♦ In Malay orang means "person" and utan is derived from hutan, which means "forest." Thus, orangutan literally means "person of the forest."
♦ Orangutans share nearly 97% of their genetic material with humans. Our close genetic relatedness with all the great apes make us sibling species.
♦ Orangutans' arms stretch out longer than their bodies - over 7 ft. from fingertip to fingertip - and are used to employ a "hookgrip."
♦ When on the ground, they walk on all fours, using their palms or their fists.
♦ When male orangutans are about 15 years old, they develop large cheek pads, which female orangutans apparently find attractive.
♦ When males are fighting, they charge at each other and break branches. If that doesn't scare one of them away, they grapple and bite each other.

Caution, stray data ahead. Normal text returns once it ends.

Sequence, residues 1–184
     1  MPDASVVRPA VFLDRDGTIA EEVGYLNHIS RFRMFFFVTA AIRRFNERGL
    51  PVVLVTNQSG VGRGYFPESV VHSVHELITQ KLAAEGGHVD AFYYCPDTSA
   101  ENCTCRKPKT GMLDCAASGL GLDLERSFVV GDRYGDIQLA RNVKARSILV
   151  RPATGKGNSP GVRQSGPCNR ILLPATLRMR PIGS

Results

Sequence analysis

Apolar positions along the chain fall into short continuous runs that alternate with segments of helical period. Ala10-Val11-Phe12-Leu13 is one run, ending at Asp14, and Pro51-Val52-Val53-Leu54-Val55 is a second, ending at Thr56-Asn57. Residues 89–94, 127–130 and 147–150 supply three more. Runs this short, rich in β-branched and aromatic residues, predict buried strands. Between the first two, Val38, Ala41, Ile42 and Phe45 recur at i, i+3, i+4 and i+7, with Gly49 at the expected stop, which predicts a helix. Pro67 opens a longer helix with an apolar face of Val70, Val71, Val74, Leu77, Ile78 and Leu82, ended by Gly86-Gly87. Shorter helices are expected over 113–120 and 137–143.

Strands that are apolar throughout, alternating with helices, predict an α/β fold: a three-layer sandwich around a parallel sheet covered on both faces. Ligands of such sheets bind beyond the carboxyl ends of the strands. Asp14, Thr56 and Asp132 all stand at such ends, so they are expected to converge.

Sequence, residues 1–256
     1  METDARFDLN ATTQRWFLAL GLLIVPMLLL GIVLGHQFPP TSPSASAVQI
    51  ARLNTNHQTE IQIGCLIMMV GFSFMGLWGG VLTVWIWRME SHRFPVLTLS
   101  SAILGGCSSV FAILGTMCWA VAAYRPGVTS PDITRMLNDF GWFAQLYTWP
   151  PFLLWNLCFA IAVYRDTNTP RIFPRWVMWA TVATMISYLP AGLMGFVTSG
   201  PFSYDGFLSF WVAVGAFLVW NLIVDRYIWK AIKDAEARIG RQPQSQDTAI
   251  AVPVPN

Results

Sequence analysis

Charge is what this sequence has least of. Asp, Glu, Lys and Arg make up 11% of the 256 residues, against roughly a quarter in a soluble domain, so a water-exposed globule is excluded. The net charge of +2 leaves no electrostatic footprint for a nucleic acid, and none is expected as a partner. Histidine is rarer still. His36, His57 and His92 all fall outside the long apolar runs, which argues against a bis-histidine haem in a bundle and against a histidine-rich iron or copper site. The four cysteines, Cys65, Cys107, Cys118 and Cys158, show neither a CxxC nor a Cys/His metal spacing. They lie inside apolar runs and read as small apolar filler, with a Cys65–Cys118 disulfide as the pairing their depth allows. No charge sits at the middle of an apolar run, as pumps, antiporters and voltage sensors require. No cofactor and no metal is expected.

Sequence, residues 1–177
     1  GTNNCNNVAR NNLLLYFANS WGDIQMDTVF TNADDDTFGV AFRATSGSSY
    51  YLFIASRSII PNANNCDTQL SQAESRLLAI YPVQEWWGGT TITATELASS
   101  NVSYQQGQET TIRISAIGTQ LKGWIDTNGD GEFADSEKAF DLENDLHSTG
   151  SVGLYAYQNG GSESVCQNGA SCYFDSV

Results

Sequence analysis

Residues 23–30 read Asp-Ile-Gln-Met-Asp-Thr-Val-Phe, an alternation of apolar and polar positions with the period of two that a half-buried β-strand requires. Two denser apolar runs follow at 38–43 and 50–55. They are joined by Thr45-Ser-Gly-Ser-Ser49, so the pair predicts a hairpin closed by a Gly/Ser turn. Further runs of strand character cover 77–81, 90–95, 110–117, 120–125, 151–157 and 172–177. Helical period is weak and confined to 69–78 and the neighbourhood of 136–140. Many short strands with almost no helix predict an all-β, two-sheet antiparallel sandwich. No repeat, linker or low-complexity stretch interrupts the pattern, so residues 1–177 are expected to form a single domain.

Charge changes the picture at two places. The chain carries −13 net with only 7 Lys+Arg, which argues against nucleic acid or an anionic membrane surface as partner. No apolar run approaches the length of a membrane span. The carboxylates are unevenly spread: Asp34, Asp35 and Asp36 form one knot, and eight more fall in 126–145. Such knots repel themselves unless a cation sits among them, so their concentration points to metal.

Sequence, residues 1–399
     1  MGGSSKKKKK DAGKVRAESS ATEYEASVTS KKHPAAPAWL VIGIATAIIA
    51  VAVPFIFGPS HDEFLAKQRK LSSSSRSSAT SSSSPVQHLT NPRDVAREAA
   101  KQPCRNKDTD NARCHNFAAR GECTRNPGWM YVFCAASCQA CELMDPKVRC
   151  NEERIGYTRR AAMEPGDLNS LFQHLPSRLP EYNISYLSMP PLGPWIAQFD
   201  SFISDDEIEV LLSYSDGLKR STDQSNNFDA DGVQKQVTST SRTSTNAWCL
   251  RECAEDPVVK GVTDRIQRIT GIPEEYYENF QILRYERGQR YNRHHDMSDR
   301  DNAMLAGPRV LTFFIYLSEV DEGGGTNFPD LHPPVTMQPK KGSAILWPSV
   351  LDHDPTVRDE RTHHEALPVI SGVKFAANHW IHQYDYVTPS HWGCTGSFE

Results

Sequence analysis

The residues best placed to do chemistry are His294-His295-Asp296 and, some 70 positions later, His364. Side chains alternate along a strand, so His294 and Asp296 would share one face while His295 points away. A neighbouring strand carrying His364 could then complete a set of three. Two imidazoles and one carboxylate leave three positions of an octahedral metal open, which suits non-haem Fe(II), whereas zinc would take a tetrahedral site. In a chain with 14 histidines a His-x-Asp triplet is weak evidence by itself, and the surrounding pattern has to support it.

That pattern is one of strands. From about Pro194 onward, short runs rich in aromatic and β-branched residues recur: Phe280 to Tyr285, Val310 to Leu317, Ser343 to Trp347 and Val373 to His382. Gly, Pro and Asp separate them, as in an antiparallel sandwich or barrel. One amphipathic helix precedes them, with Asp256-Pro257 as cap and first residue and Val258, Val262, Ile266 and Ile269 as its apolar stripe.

♦ For the first few years of his/her life, a young orangutan holds tight to his/her mother's body as she moves through the forest in search of fruit. Later, he/she will follow the mother as she moves through the trees.
♦ Juvenile orangutans love to play and will "play fight" in the trees without showing any fear of heights.
♦ Like humans, orangutans have opposable thumbs. Their big toes are also opposable.
♦ Orangutans have tremendous strength, which enables them to brachiate (swing from branch to branch) and hang upside-down from branches for long periods of time to retrieve fruit and eat young leaves.
♦ Orangutans love to eat soap, which surprisingly does not upset their stomach, and will lather their arms before eating the frothy treat.